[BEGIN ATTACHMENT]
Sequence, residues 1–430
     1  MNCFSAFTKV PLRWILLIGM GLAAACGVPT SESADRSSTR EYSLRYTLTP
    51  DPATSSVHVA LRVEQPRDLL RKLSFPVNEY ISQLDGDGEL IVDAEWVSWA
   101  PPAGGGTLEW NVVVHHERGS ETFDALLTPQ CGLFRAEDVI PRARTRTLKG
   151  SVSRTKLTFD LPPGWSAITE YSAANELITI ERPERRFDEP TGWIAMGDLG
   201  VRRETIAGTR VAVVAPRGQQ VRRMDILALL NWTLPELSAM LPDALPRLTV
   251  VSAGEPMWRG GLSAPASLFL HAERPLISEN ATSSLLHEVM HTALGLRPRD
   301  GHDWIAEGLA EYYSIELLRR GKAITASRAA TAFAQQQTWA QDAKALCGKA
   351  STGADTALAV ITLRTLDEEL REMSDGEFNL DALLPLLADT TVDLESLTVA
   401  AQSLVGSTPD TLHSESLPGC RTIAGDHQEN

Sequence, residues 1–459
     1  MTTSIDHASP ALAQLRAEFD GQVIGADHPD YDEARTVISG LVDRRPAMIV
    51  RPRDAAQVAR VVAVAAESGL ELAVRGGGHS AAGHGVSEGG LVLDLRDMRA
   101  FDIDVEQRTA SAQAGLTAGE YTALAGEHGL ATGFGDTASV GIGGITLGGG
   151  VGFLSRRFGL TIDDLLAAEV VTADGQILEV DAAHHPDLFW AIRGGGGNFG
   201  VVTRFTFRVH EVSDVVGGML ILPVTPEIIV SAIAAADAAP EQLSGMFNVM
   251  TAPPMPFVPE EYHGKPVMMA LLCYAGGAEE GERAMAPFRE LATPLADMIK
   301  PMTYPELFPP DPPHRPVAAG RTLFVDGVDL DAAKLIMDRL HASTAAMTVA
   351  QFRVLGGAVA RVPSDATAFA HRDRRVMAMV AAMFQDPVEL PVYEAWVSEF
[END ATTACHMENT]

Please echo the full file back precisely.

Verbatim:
Sequence, residues 1–430
     1  MNCFSAFTKV PLRWILLIGM GLAAACGVPT SESADRSSTR EYSLRYTLTP
    51  DPATSSVHVA LRVEQPRDLL RKLSFPVNEY ISQLDGDGEL IVDAEWVSWA
   101  PPAGGGTLEW NVVVHHERGS ETFDALLTPQ CGLFRAEDVI PRARTRTLKG
   151  SVSRTKLTFD LPPGWSAITE YSAANELITI ERPERRFDEP TGWIAMGDLG
   201  VRRETIAGTR VAVVAPRGQQ VRRMDILALL NWTLPELSAM LPDALPRLTV
   251  VSAGEPMWRG GLSAPASLFL HAERPLISEN ATSSLLHEVM HTALGLRPRD
   301  GHDWIAEGLA EYYSIELLRR GKAITASRAA TAFAQQQTWA QDAKALCGKA
   351  STGADTALAV ITLRTLDEEL REMSDGEFNL DALLPLLADT TVDLESLTVA
   401  AQSLVGSTPD TLHSESLPGC RTIAGDHQEN

Sequence, residues 1–459
     1  MTTSIDHASP ALAQLRAEFD GQVIGADHPD YDEARTVISG LVDRRPAMIV
    51  RPRDAAQVAR VVAVAAESGL ELAVRGGGHS AAGHGVSEGG LVLDLRDMRA
   101  FDIDVEQRTA SAQAGLTAGE YTALAGEHGL ATGFGDTASV GIGGITLGGG
   151  VGFLSRRFGL TIDDLLAAEV VTADGQILEV DAAHHPDLFW AIRGGGGNFG
   201  VVTRFTFRVH EVSDVVGGML ILPVTPEIIV SAIAAADAAP EQLSGMFNVM
   251  TAPPMPFVPE EYHGKPVMMA LLCYAGGAEE GERAMAPFRE LATPLADMIK
   301  PMTYPELFPP DPPHRPVAAG RTLFVDGVDL DAAKLIMDRL HASTAAMTVA
   351  QFRVLGGAVA RVPSDATAFA HRDRRVMAMV AAMFQDPVEL PVYEAWVSEF